Gone Lawn
a journal of literature
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Gone Lawn 36
Spring Equinox, 2020

Featured artwork, Broken Tulip, by Andrew Davis.

New Works

Nathan Anderson

A Name

This child sets herself with several blocks of different colour. Each of them is designated: first Mother, then Father, then Brother, then Sister.
The Mother block is first to move as she staggers the circumference of your living room pallor. Checking her way through the grim whites and light greys and eventual dark greys and blacks.
Next is Father who is stripped to his basest articulation and made to sing in view of your poplar trees and experimental elements.
Brother is left to his own devices. He chooses then to explain to you the reason for his hiding and the abundance of organs he has collected in your name.
Sister is sunflower, left to glow and bend in an easy breeze, protected from crows by a man clothed in sandpaper and soon stuffed to explode.
Each of these blocks is set down in water in order of expectation. First Father, then Sister, then Mother, then Brother. Each of them is washed and made to stand naked in blue light and are soon dashed to oblivion against rocks above the heads of birds and sunlight and Jupiter.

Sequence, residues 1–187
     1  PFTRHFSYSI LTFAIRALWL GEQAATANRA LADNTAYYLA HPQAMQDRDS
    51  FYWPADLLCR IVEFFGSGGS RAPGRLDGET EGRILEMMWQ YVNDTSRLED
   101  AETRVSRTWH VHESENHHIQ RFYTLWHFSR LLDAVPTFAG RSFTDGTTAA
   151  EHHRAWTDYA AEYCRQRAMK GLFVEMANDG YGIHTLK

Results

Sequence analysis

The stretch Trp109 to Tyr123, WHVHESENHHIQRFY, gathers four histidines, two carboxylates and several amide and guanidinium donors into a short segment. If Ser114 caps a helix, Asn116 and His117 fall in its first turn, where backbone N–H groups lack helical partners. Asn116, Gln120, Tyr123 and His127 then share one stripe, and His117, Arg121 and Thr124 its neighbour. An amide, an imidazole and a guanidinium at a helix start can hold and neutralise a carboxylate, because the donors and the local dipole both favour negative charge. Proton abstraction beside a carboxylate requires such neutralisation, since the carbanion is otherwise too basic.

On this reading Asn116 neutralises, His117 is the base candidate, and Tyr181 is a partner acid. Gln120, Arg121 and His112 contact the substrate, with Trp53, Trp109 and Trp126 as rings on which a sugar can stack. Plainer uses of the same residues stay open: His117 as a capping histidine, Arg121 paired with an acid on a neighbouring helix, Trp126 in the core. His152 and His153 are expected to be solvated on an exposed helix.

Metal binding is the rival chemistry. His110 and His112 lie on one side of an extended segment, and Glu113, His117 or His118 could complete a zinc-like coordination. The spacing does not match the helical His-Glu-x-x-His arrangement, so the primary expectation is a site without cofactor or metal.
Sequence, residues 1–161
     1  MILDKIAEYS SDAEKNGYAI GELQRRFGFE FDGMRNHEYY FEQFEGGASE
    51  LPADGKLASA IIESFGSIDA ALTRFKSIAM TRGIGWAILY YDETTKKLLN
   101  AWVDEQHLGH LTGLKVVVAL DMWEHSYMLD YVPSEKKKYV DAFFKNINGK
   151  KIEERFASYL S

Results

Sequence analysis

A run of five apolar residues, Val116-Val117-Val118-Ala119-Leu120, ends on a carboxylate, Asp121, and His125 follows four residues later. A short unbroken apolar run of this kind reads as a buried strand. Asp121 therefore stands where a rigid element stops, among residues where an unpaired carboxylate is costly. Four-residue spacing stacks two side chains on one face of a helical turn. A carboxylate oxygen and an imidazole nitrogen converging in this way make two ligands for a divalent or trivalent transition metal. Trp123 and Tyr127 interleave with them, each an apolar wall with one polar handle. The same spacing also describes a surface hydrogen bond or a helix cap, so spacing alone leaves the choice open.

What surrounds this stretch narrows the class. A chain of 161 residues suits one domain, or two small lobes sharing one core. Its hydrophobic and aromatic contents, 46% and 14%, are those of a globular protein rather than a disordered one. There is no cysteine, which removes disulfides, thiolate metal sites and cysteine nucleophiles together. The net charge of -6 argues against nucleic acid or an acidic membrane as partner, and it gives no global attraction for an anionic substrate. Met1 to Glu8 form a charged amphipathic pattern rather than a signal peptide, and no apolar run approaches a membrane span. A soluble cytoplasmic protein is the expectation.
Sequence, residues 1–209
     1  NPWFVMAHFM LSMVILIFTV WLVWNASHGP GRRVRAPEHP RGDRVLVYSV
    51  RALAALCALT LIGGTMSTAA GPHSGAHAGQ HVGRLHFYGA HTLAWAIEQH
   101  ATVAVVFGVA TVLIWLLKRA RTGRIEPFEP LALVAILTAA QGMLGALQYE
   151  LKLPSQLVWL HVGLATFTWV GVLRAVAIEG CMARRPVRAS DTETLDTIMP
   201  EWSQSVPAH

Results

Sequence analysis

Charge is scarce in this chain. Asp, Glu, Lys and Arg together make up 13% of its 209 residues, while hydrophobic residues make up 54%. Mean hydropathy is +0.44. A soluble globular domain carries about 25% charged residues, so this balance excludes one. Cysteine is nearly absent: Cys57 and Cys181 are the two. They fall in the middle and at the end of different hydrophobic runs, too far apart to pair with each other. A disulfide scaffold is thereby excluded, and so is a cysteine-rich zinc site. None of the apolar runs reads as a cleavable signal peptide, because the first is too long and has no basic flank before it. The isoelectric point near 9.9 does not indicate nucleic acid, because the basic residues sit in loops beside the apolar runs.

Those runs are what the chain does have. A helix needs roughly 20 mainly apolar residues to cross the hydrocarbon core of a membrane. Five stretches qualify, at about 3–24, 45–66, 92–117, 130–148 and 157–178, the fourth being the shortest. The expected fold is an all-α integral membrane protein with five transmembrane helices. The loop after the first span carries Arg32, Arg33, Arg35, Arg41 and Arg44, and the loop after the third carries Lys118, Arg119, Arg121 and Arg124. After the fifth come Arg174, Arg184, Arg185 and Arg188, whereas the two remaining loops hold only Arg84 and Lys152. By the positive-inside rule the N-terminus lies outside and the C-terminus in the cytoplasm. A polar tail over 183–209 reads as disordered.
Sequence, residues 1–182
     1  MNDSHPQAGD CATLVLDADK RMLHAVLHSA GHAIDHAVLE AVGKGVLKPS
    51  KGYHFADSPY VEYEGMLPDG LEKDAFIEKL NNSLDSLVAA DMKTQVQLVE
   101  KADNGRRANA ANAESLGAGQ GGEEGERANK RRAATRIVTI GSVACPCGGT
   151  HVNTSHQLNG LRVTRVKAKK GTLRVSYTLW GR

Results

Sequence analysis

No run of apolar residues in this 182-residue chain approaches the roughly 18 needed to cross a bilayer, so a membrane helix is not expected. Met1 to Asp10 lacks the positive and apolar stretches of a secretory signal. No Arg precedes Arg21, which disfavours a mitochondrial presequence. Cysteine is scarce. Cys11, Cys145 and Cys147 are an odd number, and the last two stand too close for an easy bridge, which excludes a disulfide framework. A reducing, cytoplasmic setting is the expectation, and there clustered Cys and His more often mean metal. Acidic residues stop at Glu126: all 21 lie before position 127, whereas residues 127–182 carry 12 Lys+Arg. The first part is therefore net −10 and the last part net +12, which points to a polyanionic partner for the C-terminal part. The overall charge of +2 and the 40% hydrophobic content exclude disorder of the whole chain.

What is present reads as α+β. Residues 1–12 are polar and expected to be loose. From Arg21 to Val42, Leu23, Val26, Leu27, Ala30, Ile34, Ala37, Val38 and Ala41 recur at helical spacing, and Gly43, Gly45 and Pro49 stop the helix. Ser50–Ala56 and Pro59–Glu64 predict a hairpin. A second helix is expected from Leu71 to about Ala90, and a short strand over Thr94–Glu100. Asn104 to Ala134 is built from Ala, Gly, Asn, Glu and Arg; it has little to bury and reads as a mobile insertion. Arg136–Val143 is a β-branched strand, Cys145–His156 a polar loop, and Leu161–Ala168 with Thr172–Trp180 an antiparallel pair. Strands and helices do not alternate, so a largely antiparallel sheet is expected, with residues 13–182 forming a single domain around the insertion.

This water, once receded, is collected and named, each letter of this designation taken from the alphabet related to your father and his father after that. The letters are as follows: he, she, me, I, death, death, mother, father, paper, pen.
This child again retrieves her blocks as she has done in a heavy rain. This time arranging them by scent and sight and sound. These blocks become sand and wood and plastic.
These plastic blocks are the first to be evacuated through the elliptical shattering of stars. Neon reverberations their new name and fresh designation.
The wood is used to nail a poster of your religion in freshly minted green. Ripped down by passers-by with objective singularity.
Sand is left to do as it pleases and tells you it has become so lonely within this expansive hotel of red and yellow carpet. It longs to return to the moon from which it was taken.
This child is made to burn each of these blocks, taking fuel made from elephants' ears and tobacco. She ignites them and sits warmly and comfortably by the fire. Sister of tomorrow, child, child, child.

Nathan Anderson is a writer from Canberra Australia. He holds a Bachelor of Writing from the University of Canberra and is a graduate of the Oxford University Creative Writing Summer School.